The New York Times reports that the Justice Department is seeking the death penalty in the trial of Dylann Roof, who killed nine people at Emanuel African Methodist Episcopal Church in Charleston, S.C.:
“Following the department’s rigorous review process to thoroughly consider all relevant factual and legal issues, I have determined that the Justice Department will seek the death penalty,” Attorney General Loretta Lynch said in a statement about the case against Mr. Roof, who was arrested less than a day after the shooting at Emanuel African Methodist Episcopal Church, a historic and predominantly black congregation.
“The nature of the alleged crime and the resulting harm,” Ms. Lynch continued, “compelled this decision.”
In a separate seven-page filing in Federal District Court in Charleston, prosecutors cited nine aggravating factors, including that Mr. Roof had “expressed hatred and contempt towards African-Americans, as well as other groups, and his animosity towards African-Americans played a role in the murders charged in the indictment.”
The prosecutors also wrote that Mr. Roof had “demonstrated a lack of remorse” and that he had “targeted men and women participating in a Bible study group at the church in order to magnify the societal impact” of the attack.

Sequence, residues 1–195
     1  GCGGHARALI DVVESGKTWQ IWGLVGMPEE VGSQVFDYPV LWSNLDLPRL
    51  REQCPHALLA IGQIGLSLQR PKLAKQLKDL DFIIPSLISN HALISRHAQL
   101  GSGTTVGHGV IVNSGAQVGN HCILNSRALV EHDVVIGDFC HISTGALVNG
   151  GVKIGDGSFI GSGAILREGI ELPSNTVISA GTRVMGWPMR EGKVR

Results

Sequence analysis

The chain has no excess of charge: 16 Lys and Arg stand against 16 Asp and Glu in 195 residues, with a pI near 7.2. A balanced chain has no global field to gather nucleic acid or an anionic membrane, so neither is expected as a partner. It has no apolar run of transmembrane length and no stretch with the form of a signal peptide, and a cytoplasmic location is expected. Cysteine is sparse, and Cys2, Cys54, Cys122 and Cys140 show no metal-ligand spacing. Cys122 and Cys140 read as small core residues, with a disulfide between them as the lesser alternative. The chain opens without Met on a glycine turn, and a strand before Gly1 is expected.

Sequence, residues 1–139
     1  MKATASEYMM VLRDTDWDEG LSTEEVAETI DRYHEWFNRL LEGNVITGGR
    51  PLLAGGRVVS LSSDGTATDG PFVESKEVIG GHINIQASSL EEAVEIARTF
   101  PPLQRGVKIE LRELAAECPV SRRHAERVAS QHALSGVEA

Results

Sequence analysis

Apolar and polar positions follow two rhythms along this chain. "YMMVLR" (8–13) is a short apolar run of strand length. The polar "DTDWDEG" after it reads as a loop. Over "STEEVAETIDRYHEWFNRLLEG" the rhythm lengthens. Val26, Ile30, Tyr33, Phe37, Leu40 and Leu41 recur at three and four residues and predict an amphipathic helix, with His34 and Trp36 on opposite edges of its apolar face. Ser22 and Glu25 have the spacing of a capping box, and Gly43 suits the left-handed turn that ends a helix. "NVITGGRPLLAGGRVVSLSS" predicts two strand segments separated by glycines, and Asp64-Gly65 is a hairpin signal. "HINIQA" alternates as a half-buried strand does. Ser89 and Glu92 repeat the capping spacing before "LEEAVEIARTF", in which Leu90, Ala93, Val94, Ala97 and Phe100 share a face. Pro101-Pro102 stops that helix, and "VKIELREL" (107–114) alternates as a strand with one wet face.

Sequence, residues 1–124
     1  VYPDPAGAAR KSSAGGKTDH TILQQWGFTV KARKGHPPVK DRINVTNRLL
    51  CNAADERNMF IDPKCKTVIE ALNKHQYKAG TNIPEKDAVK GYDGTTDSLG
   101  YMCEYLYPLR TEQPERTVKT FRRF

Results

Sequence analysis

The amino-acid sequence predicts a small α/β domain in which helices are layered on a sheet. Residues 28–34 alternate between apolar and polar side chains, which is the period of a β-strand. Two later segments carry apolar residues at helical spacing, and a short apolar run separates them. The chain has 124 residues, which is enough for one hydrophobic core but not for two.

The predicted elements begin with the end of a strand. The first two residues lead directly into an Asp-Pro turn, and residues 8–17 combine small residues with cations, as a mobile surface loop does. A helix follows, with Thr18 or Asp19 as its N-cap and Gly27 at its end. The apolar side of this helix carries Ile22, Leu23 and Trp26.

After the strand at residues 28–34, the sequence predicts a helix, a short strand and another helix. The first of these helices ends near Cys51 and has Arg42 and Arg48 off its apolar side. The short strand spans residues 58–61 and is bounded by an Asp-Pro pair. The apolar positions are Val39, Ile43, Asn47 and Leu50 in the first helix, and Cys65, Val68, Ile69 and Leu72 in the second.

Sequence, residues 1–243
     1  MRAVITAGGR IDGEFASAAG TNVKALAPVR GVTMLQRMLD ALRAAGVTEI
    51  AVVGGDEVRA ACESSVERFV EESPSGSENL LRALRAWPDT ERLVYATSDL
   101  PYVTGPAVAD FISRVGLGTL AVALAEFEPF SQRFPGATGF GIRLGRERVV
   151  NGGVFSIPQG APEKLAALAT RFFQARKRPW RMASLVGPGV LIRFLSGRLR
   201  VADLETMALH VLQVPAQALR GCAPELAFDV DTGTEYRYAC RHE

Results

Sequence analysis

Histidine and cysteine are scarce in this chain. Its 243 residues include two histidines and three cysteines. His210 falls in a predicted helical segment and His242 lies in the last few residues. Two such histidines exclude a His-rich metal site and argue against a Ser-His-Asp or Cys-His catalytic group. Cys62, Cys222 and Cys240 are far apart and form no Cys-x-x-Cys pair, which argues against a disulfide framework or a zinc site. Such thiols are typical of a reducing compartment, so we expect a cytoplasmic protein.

From the Washington Post:
Steve Schmutz, a lawyer representing family members of three of the victims, said federal officials held a conference call on Tuesday to inform relatives of the decision. Schmutz said he believed these relatives supported Lynch’s decision.
“Regardless of whether or not you’re for the death penalty, the thought process is this: where else would you have it, if not for here?” Schmutz said.
One of those who lost a loved one affirms Schmutz’s words:
Arthur Hurd, whose wife, 55-year-old Cynthia Hurd, was among the victims, said he thought seeking the death penalty was a “good idea” given the motivation Roof had expressed.
“Since he feels that strongly, then let the law of the land take care of it,” Hurd said.
Hurd said Cynthia, a branch manager at a library, “went out of her way and helped everybody that she can.” On Tuesday, after learning of the government’s decision, Hurd said seeing Roof executed would not bring him any closure. Only a face-to-face conversation with Roof might do that, Hurd said. “Maybe I can get the feeling that, ‘Hey, what in the world were you thinking about?’” he said.
Still, he offered one other thing that he said could help him. “I told them what would really bring me to a point of happiness would be that I was the one that pushed the plunger if he got injected,” Hurd said.
Previous Cafe coverage of the shootings in Charleston:
Photo credit: By Cal Sr from Newport, NC, US – Colour-corrected version of File:Emanuel_African_Methodist_Episcopal_(AME)_Church.jpg, originally from here